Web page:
Friday, December 12, 2008
A US$14 billion bailout package deal for the “Big Three” United States automakers — Chrysler, Ford, and General Motors — has been rejected in the United States Senate after failing a procedural vote.
The bill was rejected after bipartisan discussions on the bailout broke down when Republican Party leaders insisted that the United Auto Workers (UAW) union agree to increase wage cuts by next year in order to bring their pay into line with those of Japanese automobile companies in the United States. The UAW refused to meet the demands.
The final vote count in the Senate was 52-35, eight short of the 60 needed to pass. Only ten Republicans joined forty Democrats and two independents in voting for the bill. Three Democrats voted with thirty-one Republicans against it.
Senate Majority leader Harry Reid said that he was “terribly disappointed” by the failure of the bill to pass. “I dread looking at Wall Street tomorrow. It’s not going to be a pleasant sight,” Reid said. “Millions of Americans, not only the auto workers but people who sell cars, car dealerships, people who work on cars are going to be directly impacted and affected.”
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Republican Senator Bob Corker was also unhappy about the rejection. “We were about three words away from a deal. We solved everything substantively and about three words keep us from reaching a conclusion,” he said.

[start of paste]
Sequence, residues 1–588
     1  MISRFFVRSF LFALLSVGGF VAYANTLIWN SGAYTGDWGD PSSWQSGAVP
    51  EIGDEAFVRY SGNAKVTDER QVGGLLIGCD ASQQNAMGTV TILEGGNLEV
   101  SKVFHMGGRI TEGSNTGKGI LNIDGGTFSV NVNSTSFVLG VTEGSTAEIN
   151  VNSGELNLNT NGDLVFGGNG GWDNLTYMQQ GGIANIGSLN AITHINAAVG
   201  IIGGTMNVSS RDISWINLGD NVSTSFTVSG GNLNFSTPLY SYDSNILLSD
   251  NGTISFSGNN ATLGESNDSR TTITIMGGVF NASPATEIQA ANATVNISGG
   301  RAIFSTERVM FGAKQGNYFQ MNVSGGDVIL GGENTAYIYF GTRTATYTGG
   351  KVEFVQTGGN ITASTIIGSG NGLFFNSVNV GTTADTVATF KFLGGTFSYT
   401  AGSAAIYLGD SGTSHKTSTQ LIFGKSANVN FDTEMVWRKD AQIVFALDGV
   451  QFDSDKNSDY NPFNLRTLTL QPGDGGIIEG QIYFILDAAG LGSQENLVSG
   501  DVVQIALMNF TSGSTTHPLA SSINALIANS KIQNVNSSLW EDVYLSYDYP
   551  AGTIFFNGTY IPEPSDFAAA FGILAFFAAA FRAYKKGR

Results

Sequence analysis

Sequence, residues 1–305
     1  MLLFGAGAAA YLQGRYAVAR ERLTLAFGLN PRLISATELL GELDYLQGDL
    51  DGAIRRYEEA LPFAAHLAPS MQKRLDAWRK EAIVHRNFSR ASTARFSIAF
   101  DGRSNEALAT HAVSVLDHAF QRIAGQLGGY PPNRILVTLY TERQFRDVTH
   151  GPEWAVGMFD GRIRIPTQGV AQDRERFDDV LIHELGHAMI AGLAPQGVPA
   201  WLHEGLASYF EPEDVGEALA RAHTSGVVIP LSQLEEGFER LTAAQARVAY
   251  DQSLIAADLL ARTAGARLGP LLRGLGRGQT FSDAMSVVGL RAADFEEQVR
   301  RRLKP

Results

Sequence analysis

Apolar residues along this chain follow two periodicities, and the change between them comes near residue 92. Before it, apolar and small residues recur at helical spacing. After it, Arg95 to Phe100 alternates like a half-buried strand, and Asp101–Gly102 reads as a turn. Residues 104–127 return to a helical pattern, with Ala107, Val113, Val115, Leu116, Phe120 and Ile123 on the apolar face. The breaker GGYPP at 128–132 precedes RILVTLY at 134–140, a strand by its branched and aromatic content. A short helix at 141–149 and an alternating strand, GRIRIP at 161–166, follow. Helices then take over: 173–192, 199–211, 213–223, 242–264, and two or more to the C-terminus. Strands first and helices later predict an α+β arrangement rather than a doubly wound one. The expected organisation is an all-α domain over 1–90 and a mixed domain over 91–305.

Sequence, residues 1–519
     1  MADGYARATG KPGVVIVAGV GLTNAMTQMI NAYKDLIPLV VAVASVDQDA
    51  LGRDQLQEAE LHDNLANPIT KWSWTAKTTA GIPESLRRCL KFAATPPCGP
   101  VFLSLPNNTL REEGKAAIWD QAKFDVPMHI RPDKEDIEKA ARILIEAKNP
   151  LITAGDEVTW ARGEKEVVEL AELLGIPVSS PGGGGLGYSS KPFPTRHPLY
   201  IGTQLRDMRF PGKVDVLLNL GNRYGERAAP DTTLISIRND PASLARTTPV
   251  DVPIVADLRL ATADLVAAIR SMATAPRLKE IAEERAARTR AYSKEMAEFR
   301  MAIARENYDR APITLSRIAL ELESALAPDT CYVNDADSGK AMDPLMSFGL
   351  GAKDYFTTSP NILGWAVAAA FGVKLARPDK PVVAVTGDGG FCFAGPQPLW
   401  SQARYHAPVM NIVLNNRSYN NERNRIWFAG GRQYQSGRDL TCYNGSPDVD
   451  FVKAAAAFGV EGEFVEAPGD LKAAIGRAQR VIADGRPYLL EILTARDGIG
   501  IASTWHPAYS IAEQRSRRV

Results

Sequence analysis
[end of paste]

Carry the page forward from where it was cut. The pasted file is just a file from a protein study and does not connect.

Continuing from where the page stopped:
Some Democrats now want U.S. President Bush to reserve a portion of the $700 billion bailout package earmarked for Wall Street to assist the flagging car industry.
Stock markets worldwide fell dramatically on the news, with Japan’s Nikkei average losing 484.68 points, or 5.6 percent, reaching a level of 8253.87 points. Shares in the auto companies Toyota, Nissan and Honda all dropped by no less than 10 percent apiece. European stocks, such as those in the United Kingdom and Germany, also lost ground, with the FTSE-100 index of leading shares falling 176.3 points to a level of 4,211 at midday.